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A CASE FOR THE LAWYERS.
A FOREIGN ESTIMATE OF BRITAIN. “I heard a tale of a butcher, who was driving two calves over a common The people, in so many respects the most interesting in Europe ; so that were coupled together by the necks with an oaken wyth (a halter worthy, by reason of its inviolable attachment to ancient usage, to be stamade of oak twigs). In the way where they should pass, lay a poor lean died by him who is occupied in investigating the origin of institutions; 50 mare, with a galled back, to whom they coming (as chance fell out) one of celebrated for the form of its government; joining to the energy of meone side, and the other of the other, smelling on her (as tl:eir manner is), narchy, the most unlimited liberty of the citizen ; so powerful by the the midst of the wyth that was between their necks rubbed her, and grated resources which the entire devotion of a great and wealthy nation presenta her on the sore back, that she started and rose up, and hung them both on to a sovereign, who is skilful in availing himself of them; this people is, at her back as a beam; which being but a rough plaister to her raw ulcer, the same time, precisely that which differs most from all other countries she ran away with them (as she were frantic) into the fens, where the ancient or modern. England, after having, during centuries, lield the balance butcher could not follow them, and drowned both herself and them in a of Europe, at the present moment grasps the sceptre of the seas, and exer. quagmire. Now the owner of the mare is in law with the butcher for the cises a preponderating influence on the continent: no event in the world is loss of his mare, and the butcher interchangeably indicts him for his indifferent to her, and almost everywhere she gives the decisive impulse. calves."-Pierce Penilesse, by Thomas Nashe, anno 1593.-We have searched Blended in every interest, her constitution, so eagerly praised, which has the books and cannot find any decision on this important case ; the point been imitated in more than one country, and which will ultimately prerail appears to have been again discussed in the yet undecided cause of Bullum everywhere ; her judicial forms, judged so salutary, and many of which r. Boatum, reported by Steevens, the renowned lecturer on heads.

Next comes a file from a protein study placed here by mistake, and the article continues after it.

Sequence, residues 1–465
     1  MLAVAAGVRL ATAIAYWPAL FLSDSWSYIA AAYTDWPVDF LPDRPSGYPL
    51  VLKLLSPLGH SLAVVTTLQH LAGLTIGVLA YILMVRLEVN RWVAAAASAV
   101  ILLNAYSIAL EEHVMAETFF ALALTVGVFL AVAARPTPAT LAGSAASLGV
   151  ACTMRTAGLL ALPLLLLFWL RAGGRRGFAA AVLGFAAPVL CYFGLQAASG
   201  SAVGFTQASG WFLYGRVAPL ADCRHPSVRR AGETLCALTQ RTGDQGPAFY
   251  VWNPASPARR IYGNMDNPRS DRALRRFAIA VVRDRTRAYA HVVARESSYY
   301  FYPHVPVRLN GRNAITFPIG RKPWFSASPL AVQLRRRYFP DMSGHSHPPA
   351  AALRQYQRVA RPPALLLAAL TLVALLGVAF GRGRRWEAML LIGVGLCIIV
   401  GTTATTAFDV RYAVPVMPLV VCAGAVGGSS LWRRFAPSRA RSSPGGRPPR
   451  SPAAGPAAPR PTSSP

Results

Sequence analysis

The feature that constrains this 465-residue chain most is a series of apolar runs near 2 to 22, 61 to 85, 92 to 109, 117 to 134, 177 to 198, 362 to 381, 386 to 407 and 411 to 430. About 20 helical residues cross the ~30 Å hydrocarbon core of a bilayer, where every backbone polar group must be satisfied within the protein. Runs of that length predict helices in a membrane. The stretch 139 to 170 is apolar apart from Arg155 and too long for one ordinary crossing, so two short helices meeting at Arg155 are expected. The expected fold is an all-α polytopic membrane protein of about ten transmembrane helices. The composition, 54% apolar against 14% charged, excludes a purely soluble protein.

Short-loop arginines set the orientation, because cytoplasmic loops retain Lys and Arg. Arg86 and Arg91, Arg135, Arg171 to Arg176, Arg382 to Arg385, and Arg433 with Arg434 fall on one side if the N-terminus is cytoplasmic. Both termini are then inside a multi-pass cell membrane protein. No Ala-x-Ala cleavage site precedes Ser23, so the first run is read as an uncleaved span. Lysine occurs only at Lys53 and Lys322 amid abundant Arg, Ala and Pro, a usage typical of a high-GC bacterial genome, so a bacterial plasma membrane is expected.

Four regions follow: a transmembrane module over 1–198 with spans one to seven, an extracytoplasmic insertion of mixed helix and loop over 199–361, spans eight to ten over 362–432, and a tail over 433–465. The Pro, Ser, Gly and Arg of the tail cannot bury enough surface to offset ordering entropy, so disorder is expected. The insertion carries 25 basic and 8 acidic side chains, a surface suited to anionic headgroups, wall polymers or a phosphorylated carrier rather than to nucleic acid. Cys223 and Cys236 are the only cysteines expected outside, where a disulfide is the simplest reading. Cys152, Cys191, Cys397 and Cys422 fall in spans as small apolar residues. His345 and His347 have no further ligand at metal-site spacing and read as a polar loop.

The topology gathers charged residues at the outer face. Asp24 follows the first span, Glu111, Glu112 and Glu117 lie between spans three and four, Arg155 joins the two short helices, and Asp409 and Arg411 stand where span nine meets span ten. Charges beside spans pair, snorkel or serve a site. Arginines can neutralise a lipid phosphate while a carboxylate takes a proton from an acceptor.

have been universally adopted, are hardly known out of Great Britain
Myer's “ Esprit, Origine, et Progrès des Institutions Judiciaires." EVIL COMMUNICATION CORRUPTS GOOD MANNERS. “ It is easier," says St. Gregory Nazianzen, “to contract the viccs of
REASON AND RELIGION. others than to impart to them our own virtue; just as it is easier to catch “ If we observe the style and method of the Scriptures, we shall find in their diseases than to communicate to them our own good health."
them all over a constant appeal to men's reason, and to their intellectual
faculties. If the mere dictates of the Church, or of infallible men, had been OPINION
the resolution and foundation of faith, there had been no need of such a long “ There cannot,” says Locke, be a more dangerous thing to rely on, thread of reasoning and discourse, as both our Saviour used when on earth than the opinion of others, nor more likely to mislead onc; since there is and the Apostles used in their writings. We see the way of authority is pat much more falsehood and error among men, than truth and knowledge; taken, but explanations are offered, proofs and illustrations are brought, and if the opinions and persuasions of others, whom we know and think to convince the mind; which shows that God, in the clearest manifestation well of, be a ground of as-ent, men have reason to be heathens in Japan, of his will, would deal with us as with rational creatures, who are not to Mahometans in Turkey, Papists in Spain, Protestants in England, and believe, but on persuasion; and to use our reason, in order to the attaining Lutherans in Sweden."— Locke on the Human Understanding.